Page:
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How to Use to Record Remote Podcasts  

Recording a remote podcast using is as simple as using Zoom or other call recording software. Sign up for free to check out the process for yourself.

Step 1: First, create or log into your account. In your dashboard, you will be prompted to create your first studio. Decide on a title for the studio and choose whether you are recording audio, video, or both. Check that your settings for the recording are the way you want them. 

(If you need help choosing a podcast name, we also have a podcast name generator to help you.)

Step 2: Enter the studio from your dashboard. The platform will check your connection speed and prompt you to input your name. Click on ‘Join studio’ to test your microphone, camera (and hair), and webcam. You can also do a mic test or webcam test before signing up.

The green room where you can check your microphone and camera.

Step 4:  If you’d like to invite guests once you're in the studio, click on the Invite People button on the top left of your recording screen. You can then follow the prompts to invite guests either via a direct link or email.

Inviting people to a podcast recording

For best results, all participants should use external microphones and headphones.

Step 3: Your recording is ready to start! Hit the recording button on your dashboard when you’re ready to begin.

The host view when recording on the Riverside platform with two participants.

Step 5: To use some of the bonus features, head to your settings. You can easily set up live streams to social media by inputting your profile access information.

Step 6: When you're done recording, press stop and once all files have uploaded you can download or edit them from your Studio Recordings tab.

Once you’re done recording, Riverside will provide you with separate lossless tracks for each participant. You can download WAV, mp3, or mp4 files to use with your favorite editing software. You can also use Riverside’s Editor to adjust your recordings, and create and a ready-to-publish podcast that you can share straight away to YouTube or Spotify.

FAQs on Recording a Podcast on Zoom

How do I host a podcast on Zoom?

You can read our step-to-step guide above on how to host a podcast on Zoom. To summarize this is how you can host a podcast on zoom.

  1. Create a meeting
  2. Set up your equipment
  3. Optimize your audio settings
  4. Invite guests to your recording
  5. Start recording your podcast
  6. Download your recordings and edit them
  7. Finally, publish your podcast.

How do I get the best audio quality on Zoom podcast?

We’ve covered this in detail in the third step of our guide. For the best results, you should be using a microphone and recording its original sound. We also suggest recording in separate audio tracks for more post-production control.

How to convert Zoom audio to WAV files?

Zoom doesn’t record in MP3 or WAV files. It captures audio in M4A files which is not supported by all platforms. If you’d like to convert your files, you’ll have to use an online WAV or MP3 file converter. Note that this won’t necessarily improve how your recording sounds, but it may give you the flexibility to have a more compatible or compact audio file.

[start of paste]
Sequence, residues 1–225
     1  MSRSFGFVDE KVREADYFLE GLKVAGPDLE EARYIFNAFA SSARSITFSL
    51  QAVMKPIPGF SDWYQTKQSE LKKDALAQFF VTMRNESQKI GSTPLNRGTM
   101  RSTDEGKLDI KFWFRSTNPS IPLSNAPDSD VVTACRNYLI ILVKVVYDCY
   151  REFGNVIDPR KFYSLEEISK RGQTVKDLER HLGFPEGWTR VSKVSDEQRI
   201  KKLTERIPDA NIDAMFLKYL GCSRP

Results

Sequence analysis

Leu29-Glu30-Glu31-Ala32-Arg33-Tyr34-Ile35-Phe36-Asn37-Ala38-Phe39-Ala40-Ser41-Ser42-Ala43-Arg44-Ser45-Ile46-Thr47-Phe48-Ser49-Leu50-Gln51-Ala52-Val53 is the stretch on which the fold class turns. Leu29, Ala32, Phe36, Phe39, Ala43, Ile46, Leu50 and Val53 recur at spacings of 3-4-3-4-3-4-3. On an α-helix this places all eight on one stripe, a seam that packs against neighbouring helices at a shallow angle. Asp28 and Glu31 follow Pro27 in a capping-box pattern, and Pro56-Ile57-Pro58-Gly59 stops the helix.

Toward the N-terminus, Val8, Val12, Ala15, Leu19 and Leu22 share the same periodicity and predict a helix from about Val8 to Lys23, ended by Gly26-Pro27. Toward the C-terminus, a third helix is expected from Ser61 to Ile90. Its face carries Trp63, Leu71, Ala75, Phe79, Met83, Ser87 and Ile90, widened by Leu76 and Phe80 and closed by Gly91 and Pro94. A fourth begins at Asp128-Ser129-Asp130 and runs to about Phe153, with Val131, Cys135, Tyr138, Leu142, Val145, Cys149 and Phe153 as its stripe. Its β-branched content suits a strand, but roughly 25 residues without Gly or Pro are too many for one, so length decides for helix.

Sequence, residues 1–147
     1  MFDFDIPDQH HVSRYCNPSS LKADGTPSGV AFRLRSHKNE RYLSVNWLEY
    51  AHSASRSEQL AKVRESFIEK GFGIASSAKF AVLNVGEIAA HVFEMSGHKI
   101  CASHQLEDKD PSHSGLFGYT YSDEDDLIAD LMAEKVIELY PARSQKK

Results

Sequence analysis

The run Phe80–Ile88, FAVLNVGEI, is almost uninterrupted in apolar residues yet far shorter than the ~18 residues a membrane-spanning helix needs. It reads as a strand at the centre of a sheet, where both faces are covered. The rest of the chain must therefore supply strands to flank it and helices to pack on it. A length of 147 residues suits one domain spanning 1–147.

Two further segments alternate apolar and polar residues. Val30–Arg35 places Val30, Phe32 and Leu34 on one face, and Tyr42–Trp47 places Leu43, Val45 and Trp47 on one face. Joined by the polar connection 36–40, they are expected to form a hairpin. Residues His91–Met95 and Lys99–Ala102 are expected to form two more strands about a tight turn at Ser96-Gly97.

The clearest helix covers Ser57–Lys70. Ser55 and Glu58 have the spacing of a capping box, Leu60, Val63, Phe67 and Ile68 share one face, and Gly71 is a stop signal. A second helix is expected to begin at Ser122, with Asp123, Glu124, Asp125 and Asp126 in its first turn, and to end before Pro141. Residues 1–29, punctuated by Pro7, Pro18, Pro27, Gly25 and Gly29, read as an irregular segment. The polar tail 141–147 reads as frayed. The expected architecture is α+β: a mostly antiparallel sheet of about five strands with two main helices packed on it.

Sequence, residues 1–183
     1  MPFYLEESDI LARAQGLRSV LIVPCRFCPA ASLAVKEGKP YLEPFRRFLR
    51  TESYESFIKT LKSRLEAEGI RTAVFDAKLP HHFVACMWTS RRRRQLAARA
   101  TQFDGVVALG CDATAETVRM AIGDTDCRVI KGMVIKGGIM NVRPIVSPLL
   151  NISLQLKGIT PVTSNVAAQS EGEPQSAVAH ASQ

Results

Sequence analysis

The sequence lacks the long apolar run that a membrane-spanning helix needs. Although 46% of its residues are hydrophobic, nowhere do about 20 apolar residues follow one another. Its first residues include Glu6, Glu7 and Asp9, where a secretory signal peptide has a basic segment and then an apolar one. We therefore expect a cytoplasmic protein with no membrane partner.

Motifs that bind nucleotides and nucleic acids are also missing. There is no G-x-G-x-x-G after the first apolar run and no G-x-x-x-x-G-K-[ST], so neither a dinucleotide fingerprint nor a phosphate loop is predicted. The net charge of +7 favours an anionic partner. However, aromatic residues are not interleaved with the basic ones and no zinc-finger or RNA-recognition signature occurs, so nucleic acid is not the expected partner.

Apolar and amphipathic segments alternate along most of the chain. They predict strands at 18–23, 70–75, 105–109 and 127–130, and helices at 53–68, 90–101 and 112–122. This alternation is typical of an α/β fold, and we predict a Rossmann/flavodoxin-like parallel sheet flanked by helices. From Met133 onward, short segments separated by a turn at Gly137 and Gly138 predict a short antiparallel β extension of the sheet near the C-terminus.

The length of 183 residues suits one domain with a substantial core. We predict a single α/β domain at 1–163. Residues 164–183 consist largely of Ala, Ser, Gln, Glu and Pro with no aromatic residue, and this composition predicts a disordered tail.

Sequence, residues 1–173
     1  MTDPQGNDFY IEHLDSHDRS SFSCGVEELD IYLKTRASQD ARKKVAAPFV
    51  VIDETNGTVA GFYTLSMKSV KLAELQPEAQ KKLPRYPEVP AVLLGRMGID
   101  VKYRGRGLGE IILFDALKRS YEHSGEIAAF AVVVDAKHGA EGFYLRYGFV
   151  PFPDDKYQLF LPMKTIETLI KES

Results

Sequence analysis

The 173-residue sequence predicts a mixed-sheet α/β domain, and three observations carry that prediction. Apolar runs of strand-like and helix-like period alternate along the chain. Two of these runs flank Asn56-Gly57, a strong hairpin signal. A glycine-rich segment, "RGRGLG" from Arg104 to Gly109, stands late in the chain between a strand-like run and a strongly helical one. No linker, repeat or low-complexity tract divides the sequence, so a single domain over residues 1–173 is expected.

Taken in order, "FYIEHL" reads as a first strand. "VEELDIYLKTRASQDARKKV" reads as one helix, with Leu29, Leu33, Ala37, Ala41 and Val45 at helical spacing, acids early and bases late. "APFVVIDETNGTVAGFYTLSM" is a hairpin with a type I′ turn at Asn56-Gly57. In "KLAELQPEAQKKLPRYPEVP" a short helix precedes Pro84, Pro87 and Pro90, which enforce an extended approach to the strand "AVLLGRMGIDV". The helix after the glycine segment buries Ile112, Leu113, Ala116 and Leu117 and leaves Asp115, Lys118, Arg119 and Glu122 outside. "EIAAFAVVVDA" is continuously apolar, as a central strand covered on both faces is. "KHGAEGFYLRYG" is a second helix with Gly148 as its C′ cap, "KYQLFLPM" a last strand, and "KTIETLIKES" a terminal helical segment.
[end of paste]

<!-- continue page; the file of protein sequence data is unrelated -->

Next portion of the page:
Is Zoom good for podcasts?

Zoom can be used for podcasts, but it’s not necessarily your best option. This is especially the case if you’re recording video podcasts. Zoom doesn’t offer uncompressed local recordings and you can only capture separate audio tracks, making Zoom video podcasts somewhat limiting. It’s also worth mentioning that Zoom wasn’t designed with podcasts as their main focus. 

We’d suggest using a podcast-based recording software like Riverside that offers separate audio and video tracks, high-resolution local recording, and editing tools to polish your podcast for publication.

Choose Recording Software that Meets Your Podcasting Goals

When you’re starting out as a podcaster, you probably aren’t a tech wizard who loves fiddling with sound levels and experimenting with the newest microphones. You don’t want to worry about complicated processes or pricey equipment; you want recording software that’s easy to use and dependable.  

Using Zoom as a podcaster recorder is popular for many creators because it’s simple and already widely used for internet video conference calls. While this video conferencing app does come with downsides, such as compressed audio, it can be a good choice for new podcasters who need a free platform that’s more or less reliable for maintaining a connection during a remote interview.

But when you’re ready to level up, consider software that doesn’t compress your audio or video. You’ll want to find a platform that’s just as easy to use as Zoom but provides many podcast-specific features. is one of the best alternatives to Zoom. It gives you studio-quality audio and video, locally-recorded feeds that don’t depend on an internet connection and an intuitive in-browser experience that won’t leave you or your guests scratching your heads in confusion. With Riverside, you can easily podcast on the go with our mobile apps, and you can take your video content to the next level with easy editing tools and quick shareable Clips.

If you’re ready to level up your podcasting game, sign up for free with Riverside today!